Vyatirekavyapti, Vyatireka-vyapti, Vyatirēkavyāpti, Vyatirekavyāpti: 4 definitions

Introduction

Introduction:

Vyatirekavyapti means something in Hinduism, Sanskrit, Marathi. If you want to know the exact meaning, history, etymology or English translation of this term then check out the descriptions on this page. Add your comment or reference to a book if you want to contribute to this summary article.

Languages of India and abroad

Marathi-English dictionary

[«previous (V) next»] — Vyatirekavyapti in Marathi glossary
Source: DDSA: The Molesworth Marathi and English Dictionary

vyatirēkavyāpti (व्यतिरेकव्याप्ति).—f S Comprehensive argument derived from negatives or non-existence. See explained under anvayavyāpti.

context information

Marathi is an Indo-European language having over 70 million native speakers people in (predominantly) Maharashtra India. Marathi, like many other Indo-Aryan languages, evolved from early forms of Prakrit, which itself is a subset of Sanskrit, one of the most ancient languages of the world.

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Sanskrit dictionary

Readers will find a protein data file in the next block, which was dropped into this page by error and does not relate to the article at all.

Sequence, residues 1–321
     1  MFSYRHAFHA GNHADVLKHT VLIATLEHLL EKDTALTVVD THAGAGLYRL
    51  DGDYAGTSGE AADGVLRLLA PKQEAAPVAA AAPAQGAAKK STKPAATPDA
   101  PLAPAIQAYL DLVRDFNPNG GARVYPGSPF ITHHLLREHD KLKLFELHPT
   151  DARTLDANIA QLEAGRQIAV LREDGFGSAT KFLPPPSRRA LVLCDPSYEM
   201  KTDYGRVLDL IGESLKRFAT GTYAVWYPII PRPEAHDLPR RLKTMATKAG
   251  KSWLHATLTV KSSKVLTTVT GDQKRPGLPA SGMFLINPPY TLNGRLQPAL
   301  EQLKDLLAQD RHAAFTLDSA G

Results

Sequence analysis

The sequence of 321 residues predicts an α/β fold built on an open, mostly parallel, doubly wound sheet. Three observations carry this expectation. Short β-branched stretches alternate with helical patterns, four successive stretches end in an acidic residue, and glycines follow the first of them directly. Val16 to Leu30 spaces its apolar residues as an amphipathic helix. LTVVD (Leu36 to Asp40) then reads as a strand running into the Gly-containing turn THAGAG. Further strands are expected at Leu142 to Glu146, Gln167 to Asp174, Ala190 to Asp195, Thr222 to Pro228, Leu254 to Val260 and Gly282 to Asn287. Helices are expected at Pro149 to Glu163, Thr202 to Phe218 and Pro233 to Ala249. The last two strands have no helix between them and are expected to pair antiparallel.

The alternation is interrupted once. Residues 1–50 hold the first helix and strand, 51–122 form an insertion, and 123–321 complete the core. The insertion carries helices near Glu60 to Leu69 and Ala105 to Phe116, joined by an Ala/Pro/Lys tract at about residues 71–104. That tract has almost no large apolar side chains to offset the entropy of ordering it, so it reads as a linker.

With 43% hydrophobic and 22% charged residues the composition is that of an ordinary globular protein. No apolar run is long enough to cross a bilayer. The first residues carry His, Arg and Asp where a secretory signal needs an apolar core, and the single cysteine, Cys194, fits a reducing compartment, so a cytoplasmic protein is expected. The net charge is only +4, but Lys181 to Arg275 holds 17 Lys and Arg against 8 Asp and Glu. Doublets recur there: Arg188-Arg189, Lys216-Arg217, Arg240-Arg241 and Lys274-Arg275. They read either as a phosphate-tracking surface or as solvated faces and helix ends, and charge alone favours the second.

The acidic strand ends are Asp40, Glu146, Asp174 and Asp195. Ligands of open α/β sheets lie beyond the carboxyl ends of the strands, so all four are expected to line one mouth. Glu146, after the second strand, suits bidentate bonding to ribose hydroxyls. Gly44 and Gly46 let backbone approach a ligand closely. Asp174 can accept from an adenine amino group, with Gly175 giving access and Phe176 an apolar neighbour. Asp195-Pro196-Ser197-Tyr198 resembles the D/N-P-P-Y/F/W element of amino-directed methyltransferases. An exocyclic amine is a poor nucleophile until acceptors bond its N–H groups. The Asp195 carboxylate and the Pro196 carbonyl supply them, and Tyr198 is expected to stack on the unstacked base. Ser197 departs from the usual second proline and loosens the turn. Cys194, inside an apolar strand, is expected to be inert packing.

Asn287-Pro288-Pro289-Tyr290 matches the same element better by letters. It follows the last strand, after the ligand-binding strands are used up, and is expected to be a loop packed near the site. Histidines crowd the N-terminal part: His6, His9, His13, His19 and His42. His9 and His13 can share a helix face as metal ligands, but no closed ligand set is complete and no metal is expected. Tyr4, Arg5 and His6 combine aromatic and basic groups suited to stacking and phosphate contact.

[«previous (V) next»] — Vyatirekavyapti in Sanskrit glossary
Source: DDSA: The practical Sanskrit-English dictionary

Vyatirekavyāpti (व्यतिरेकव्याप्ति).—see व्यतिरेक (vyatireka) (6) above.

Vyatirekavyāpti is a Sanskrit compound consisting of the terms vyatireka and vyāpti (व्याप्ति).

Source: Cologne Digital Sanskrit Dictionaries: Shabda-Sagara Sanskrit-English Dictionary

Vyatirekavyāpti (व्यतिरेकव्याप्ति).—f.

(-ptiḥ) Comprehensive argument derived from negatives or non-existence. E. vyatireka, and vyāpti pervading.

Source: Cologne Digital Sanskrit Dictionaries: Monier-Williams Sanskrit-English Dictionary

Vyatirekavyāpti (व्यतिरेकव्याप्ति):—[=vy-atireka-vyāpti] [from vy-atireka > vyati-ric] f. ‘pervasion of difference or dissimilitude’, a comprehensive argument derived from negation or non-existence of certain qualities, [Monier-Williams’ Sanskrit-English Dictionary]

context information

Sanskrit, also spelled संस्कृतम् (saṃskṛtam), is an ancient language of India commonly seen as the grandmother of the Indo-European language family (even English!). Closely allied with Prakrit and Pali, Sanskrit is more exhaustive in both grammar and terms and has the most extensive collection of literature in the world, greatly surpassing its sister-languages Greek and Latin.

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